March 3, 2006
If there was a Hall of Fame for right wing philanthropists and their facilitators -- and who knows, the Heritage Foundation just might establish such an institution some day -- one of its first inductees would undoubtedly be Michael Joyce.
In 1986, Joyce was named in an Atlantic Monthly article as "one of the three people most responsible for the triumph of the conservative political movement." Waldemar Nielson, in his book on the foundation movement, Golden Donors, said Joyce was "pretty close to being the central figure [in conservative philanthropy]." He was once called "the godfather of modern philanthropy" by noted neo-conservative Irving Kristol.
Shortly after the first inauguration of President George W. Bush, Paul Gigot of the Wall Street Journal, wrote in that newspaper, "Michael Joyce is the closest thing to the original source for what Mr. Bush is trying to accomplish."
When Joyce retired from the Bradley Foundation, Bradley Board Chairman Allen M. Taylor pointed out that he had made "extraordinary contributions to the Foundation and to the world of philanthropy." Joyce "built a start-up into a nationally respected institution and leaves a durable record of remarkable accomplishment. His work will be remembered with pride, not only in Milwaukee and Wisconsin but throughout the nation. We all owe him a tremendous debt of gratitude and wish him well in his future endeavors. He still has much to give."
Joyce, who died last Friday at age 63 from liver illness, earned his well-deserved reputation as a major shaker of the right wing money-tree during his 16-year reign (1985-2001) as head of the Milwaukee, Wisconsin-based Lynde and Harry Bradley Foundation. He was a pioneering force behind the privatization of welfare -- funding initiatives that led to the Wisconsin Works program in Wisconsin -- and private school vouchers -- which is experiencing a rebirth through the Bush Administration's recently proposed budget.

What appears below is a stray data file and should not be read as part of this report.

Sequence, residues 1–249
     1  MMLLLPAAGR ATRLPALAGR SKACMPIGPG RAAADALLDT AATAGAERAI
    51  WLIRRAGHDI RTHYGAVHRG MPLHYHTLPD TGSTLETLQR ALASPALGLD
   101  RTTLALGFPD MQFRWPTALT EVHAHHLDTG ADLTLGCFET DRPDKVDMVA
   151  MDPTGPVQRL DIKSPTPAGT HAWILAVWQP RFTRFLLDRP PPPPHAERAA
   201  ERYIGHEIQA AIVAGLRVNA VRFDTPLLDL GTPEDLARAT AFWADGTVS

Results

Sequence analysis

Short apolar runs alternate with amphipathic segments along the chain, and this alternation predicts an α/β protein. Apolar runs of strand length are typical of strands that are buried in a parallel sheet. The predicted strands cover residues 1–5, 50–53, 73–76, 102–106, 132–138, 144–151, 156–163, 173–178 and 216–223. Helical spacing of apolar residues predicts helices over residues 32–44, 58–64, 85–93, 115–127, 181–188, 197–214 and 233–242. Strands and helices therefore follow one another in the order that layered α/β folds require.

During his tenure at Bradley he helped it become one of the nation's most influential conservative philanthropic institutions. Steadfast in its pursuit of a conservative agenda, Joyce recognized the importance of creating and sustaining a broad infrastructure of right wing think tanks -- with its well-funded stable of researchers and academics -- a host of publications, chairs at academic institutions, and smaller local advocacy groups.
On the local level, Bradley money was "earmarked for civic concerns -- a first rate museum, music and theatre, and above all for Mike, several million to keep the Brewers in town," Peter Collier wrote in his tribute to Joyce posted at David Horowitz's FrontPage website.
"But he also believed that the Bradley Foundation had to play a national role. It seemed improbable: At $600 million or so, Bradley was small by comparison with Ford, Rockefeller, and other of the other liberal foundations that were postmodernizing America. But Mike felt that by leveraging its money with the neo conservative worldview, he could multiply the effect of the Foundation's smaller resources and make it a player. And this was what happened during his 15 years at Bradley. The Foundation, a mere David in comparison to the leftish philanthropic Goliaths, hit them squarely in the forehead with programs that countered their far more expensive own."